May 22, 2014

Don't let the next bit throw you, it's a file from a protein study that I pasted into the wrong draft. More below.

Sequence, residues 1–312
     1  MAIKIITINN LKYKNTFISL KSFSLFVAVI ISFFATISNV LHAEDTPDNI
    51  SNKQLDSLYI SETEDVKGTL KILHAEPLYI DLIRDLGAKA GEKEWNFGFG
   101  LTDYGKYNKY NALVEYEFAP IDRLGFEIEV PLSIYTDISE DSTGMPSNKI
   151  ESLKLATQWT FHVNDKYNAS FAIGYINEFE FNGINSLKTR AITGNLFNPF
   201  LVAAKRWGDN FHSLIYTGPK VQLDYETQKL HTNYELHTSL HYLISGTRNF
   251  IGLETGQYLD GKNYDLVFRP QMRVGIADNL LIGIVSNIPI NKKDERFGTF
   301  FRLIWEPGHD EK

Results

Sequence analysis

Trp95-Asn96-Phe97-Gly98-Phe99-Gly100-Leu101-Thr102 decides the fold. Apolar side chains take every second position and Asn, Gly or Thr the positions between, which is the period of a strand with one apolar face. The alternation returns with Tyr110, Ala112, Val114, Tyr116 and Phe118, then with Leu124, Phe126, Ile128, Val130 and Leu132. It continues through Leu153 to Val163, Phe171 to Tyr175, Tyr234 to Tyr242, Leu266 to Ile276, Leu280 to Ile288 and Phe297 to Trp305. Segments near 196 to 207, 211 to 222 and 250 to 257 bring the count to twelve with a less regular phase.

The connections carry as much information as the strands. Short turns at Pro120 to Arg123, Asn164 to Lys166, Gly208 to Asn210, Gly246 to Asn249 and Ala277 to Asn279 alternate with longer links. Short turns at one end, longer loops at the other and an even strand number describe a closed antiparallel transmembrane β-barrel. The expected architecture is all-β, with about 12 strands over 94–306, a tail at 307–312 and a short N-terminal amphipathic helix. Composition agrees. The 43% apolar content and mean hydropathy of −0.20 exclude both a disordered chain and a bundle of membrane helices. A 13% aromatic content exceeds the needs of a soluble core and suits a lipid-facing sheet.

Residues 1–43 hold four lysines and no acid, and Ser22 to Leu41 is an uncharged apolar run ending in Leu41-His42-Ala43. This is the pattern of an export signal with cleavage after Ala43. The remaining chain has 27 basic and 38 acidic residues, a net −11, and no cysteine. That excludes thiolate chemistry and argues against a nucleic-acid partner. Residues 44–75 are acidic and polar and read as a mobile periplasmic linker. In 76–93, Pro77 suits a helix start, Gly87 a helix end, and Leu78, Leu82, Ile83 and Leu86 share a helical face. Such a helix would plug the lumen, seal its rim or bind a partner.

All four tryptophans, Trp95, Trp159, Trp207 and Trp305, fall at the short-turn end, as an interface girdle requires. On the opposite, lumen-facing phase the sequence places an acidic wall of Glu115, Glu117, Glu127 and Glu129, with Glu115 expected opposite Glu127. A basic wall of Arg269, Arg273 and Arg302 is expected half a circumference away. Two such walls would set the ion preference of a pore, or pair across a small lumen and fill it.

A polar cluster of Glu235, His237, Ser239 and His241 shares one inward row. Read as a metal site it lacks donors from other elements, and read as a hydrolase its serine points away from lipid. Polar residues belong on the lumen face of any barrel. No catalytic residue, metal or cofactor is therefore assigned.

The onset of a work-limiting disability sets in motion a sequence of events that for a growing number of workers ends in early retirement from the labor force, SSDI application and, ultimately, long-term program participation. Exactly how this sequence of events plays out is not well understood. While there exist large bodies of literature that address the effects of health insurance coverage on a wide range of outcomes, few papers have sought to examine how source of health insurance coverage generally and employer sponsored health insurance (ESHI) specifically affect the employment trajectory following onset of disability. The authors use the nationally representative, longitudinal data from the Health and Retirement Study (HRS) to observe individuals before and after they experience a self-reported work limiting disability. To estimate the effect of ESHI on labor supply and disability claiming, they compare individuals covered by ESHI with no other employer-sponsored option (i.e., spousal coverage) with individuals covered by ESHI but whose spouses are offered coverage from their own employer. They find evidence of an "employment lock" effect of ESHI only among the 20 percent of individuals whose disabilities do not impact their immediate physical capacity but are associated with high medical costs. They do not find any evidence of differential disability insurance application rates between those with ESHI and the comparison group. With the passage of the Affordable Care Act, there is concern that disability insurance applications may swell because the incentive to remain employed will diminish for disabled workers reliant on ESHI. Their results suggest that the availability of non-employment-based health insurance may cause disabled workers with high cost/low severity conditions to leave the workforce but it will not necessarily lead to increased disability insurance application among individuals with ESHI.